Our analysis begins with AI applications for risk management in banking:
For the purposes of our report, we largely considered AI applications for trading and investment decision-making when exploring the risk management function in banking. These applications in particular deal with mining public data for insights on what to buy and sell. Using AI software, traders, investors, and financial advisors could automatically manage trading risk by studying historical trading data.
Companies like Ayasdi and Kensho provide AI software to banks and financial institutions for risk management. For instance, Kensho, an AI Vendor that was acquired by S7P global, offers financial risk monitoring and management AI software. Kensho claims their software uses natural language processing to find relationships between financial trading data, such as stock prices, portfolio performance, company financials, news, social media, and press releases.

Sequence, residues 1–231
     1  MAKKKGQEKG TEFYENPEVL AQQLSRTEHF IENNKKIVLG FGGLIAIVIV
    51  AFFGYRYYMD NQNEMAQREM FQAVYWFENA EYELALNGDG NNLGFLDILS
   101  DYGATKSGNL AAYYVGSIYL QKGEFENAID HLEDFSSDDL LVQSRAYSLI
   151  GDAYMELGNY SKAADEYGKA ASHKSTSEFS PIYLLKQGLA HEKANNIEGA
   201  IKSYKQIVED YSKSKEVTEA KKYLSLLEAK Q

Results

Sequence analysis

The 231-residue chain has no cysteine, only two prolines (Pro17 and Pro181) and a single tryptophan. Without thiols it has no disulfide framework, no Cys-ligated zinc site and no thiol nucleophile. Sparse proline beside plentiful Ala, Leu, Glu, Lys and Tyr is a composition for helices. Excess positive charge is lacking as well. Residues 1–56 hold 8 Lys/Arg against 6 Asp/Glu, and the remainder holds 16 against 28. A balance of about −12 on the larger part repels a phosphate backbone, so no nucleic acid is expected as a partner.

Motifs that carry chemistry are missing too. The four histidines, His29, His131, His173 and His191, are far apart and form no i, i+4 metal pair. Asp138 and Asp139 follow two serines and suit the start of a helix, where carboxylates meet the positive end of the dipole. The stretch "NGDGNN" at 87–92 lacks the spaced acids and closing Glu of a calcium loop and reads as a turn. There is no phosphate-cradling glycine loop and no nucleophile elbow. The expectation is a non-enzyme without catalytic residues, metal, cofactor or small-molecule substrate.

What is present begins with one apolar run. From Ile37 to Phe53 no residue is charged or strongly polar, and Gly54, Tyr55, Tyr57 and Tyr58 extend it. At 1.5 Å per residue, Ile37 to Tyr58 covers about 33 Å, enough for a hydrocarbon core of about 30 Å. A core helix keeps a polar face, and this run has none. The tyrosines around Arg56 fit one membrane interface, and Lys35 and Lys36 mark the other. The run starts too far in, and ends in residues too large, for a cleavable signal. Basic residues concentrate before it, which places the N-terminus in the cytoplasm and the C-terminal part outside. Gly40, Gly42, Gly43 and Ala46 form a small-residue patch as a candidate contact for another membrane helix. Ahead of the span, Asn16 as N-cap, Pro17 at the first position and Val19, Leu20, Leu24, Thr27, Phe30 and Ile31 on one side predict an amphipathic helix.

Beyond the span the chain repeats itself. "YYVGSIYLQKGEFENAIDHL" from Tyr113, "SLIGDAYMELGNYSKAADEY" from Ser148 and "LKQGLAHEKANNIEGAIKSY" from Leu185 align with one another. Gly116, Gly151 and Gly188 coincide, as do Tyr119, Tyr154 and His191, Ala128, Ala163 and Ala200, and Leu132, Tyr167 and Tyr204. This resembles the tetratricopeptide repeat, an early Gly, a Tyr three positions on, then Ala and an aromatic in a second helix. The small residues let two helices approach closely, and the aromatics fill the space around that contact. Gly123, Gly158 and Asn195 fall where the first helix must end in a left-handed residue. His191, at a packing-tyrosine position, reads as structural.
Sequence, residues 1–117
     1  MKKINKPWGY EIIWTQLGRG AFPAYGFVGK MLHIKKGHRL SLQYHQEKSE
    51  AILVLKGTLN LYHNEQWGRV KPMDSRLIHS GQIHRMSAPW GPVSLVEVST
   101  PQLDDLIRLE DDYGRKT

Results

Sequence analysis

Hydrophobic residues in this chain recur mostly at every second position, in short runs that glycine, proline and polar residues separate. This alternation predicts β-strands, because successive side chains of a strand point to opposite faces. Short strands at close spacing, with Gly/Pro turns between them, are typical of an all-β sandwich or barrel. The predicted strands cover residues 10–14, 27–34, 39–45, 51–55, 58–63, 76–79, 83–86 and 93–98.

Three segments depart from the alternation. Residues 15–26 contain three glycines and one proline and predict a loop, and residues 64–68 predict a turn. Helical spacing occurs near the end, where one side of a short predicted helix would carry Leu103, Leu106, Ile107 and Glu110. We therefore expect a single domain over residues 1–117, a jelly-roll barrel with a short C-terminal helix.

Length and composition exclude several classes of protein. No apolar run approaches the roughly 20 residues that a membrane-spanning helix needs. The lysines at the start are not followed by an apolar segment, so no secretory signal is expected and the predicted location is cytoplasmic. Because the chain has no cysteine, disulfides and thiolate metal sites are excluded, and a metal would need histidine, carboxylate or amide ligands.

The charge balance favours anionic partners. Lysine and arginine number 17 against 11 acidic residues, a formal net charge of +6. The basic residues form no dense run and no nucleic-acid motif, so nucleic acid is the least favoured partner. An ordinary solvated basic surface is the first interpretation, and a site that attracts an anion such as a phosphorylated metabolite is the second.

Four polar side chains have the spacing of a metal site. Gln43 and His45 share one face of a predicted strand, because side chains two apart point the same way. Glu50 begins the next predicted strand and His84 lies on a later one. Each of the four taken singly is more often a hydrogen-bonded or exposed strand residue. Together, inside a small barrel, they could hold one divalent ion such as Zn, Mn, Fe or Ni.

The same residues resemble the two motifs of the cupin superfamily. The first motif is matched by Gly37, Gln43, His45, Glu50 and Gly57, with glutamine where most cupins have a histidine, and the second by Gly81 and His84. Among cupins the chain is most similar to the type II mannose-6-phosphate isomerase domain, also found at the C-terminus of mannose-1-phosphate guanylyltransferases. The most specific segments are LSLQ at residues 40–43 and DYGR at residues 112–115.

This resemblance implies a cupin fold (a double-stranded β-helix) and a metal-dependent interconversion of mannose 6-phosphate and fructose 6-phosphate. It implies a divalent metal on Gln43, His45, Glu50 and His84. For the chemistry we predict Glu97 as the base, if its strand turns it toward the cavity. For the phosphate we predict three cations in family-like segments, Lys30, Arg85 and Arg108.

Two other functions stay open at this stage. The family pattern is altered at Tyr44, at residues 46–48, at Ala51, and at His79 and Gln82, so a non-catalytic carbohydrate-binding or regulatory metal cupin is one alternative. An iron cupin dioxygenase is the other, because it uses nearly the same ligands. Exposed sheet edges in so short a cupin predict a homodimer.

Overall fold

The software then prompt traders and financial advisors with insights that help them correlate historical events to those in the present and help them predict financial markets.
FlexTrade purportedly integrated Kensho’s analytics software into its platform. As a result, Flextrade was able to generate insights for customers based on market data such as announcements about new product launches, mergers, and acquisitions.
Fraud and Cybersecurity
Banks’ AI interest is largely focused on fraud and cybersecurity because these functions usually already have existing IT teams, infrastructure, and budgets. In many cases, automation efforts are also directed into these functions.
One of the experts from the risk management space that we spoke to during our research agreed that process automation in fraud and cybersecurity applications is where a lot of AI focus is currently in the top 100 banks.